The tale of Bill Pickett, a legendary Black cowboy often barred from competing in largely white rodeos, stuck with Lu Vason. A Denver entrepreneur, Vason had first heard of Pickett — who invented the skill known as “bulldogging” to subdue wayward steers — on a chance visit to Denver’s Black American West Museum.
Historians estimate that one-quarter of American cowboys were Black, but Vason felt that Pickett and other turn-of-the-century Black figures who were part of the fabric of America’s Western expansion had been all but written out of history books. So, in 1984, Vason started the Bill Pickett Invitational Rodeo, a Black rodeo that he saw as a way to challenge and broaden the narrow lore of the West. Today, the rodeo crisscrosses the US, serving as an inclusive gathering place for Black rodeo fans and budding Black rodeo stars alike.
San Francisco-based photographer Gabriela Hasbun was invited to tag along with friends to a Bill Pickett rodeo stop in 2007 at Rowell Ranch Rodeo, east of Oakland, California. Captivated, she returned a year later with a medium-format camera and a bag of film. For a decade, Hasbun captured what she saw: an age-old tradition infused with pride, highly modern fashion, and personal expression. A Bill Pickett rodeo is a place you might meet a horse named after Dapper Dan, catch a glimpse of a saddle emblazoned with the Louis Vuitton logo and artisan metalwork, or marvel at all the hair (horse), the nails (human), and the swagger (everyone).
Like Vason, Hasbun didn’t think the community was getting its due. “I couldn’t believe there was this huge Black community — very family-driven — having a wholesome event, and the media was overlooking it,” she told Vox.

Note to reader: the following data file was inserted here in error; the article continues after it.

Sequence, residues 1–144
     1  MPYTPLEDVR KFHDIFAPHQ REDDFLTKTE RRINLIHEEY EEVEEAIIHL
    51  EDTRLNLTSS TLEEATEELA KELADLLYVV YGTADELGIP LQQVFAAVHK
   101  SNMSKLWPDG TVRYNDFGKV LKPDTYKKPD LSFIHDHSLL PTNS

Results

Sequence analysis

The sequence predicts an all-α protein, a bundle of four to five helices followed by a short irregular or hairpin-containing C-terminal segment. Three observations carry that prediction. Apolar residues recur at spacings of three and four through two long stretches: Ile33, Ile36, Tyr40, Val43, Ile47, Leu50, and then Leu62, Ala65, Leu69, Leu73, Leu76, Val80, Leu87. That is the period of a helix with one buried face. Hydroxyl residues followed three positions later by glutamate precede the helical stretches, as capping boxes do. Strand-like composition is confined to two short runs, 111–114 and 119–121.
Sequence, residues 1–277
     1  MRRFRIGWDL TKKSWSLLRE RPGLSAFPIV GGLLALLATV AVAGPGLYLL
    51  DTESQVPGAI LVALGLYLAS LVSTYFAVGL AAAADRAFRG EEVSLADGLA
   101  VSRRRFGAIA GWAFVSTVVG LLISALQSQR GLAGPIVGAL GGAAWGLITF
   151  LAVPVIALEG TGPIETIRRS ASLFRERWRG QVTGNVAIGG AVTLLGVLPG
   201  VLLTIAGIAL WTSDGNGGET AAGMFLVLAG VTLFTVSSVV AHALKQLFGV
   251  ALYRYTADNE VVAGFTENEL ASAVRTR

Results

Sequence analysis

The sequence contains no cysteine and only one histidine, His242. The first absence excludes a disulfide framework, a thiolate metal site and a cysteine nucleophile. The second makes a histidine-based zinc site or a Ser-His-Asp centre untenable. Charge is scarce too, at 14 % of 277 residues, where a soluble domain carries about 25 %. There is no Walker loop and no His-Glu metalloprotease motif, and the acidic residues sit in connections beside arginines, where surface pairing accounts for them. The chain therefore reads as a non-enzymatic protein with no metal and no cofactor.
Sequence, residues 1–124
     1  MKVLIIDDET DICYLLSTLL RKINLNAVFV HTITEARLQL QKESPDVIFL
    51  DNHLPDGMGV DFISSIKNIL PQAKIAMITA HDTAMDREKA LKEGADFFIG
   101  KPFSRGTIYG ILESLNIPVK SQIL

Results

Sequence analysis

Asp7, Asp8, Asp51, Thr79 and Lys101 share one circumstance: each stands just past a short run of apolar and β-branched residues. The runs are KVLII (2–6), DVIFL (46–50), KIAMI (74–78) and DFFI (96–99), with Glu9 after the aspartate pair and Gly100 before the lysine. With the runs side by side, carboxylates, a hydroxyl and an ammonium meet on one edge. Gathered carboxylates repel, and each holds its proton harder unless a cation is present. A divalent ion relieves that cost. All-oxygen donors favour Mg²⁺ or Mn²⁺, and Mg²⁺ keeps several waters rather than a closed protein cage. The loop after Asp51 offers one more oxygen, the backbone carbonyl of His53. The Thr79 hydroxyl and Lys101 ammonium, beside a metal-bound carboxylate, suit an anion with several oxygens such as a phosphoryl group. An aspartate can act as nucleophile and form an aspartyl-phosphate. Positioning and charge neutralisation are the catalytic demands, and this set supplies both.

“These kids are cool. They look cool,” says Hasbun. “They reek of cool. It’s this crazy attraction they have with the whole sport.”
From top left, an attendee of the rodeo shows off his style in this undated photo; longtime rider and rancher known as Mr. Theus, for whom decking out himself and his horse — he has saddles, he says, by the saddle maker for Roy Rogers and Gene Autry — has earned him many fans at the rodeo.Bottom, from left: Harold Williams Jr. (in chaps) and Lindon Demery, two junior rodeo champions, captured in 2018; and Adrian Vance and Ronnie Franks, left, in red, who are mother-daughter cowgirls from Atlanta. The two sit with other contestants to watch the races in this 2008 photo. Many cowgirls compete in the rodeo’s barrel-racing competition.
Hasbun’s new book, The New Black West, captures the horsey set as a colorful whirl of activity and flash amid the faded, sun-washed backdrop of the dusty beiges of the drought-ridden country and the denim blue of the clear sky.
Images like her striking shot of Juanita Brown and her granddaughter Iyauna Austin atop their horses, with their African print skirts draped across their horses, and their dusty, worn lace-up boots peeking out from the stirrups, Hasbun believes, will help rewrite the story of the West, and of cowboy culture.
“No one,” Hasbun says, “can ignore a Black woman on a horse.”
The New Black West was published by Chronicle Books in 2022. Gabriela Hasbun is a photographer specializing in portraits; her work highlights marginalized and under-explored communities.
Lavanya Ramanathan is the editor of the Highlight.
Vox's journalism is free because we believe that everyone deserves to understand the world that they live in. That kind of knowledge helps create better citizens, neighbors, friends, parents, consumers and stewards of this planet. In short, understanding benefits everyone. You can join in on this mission by making a financial gift to Vox today. Reader support helps keep our work free, for everyone. Will you join us?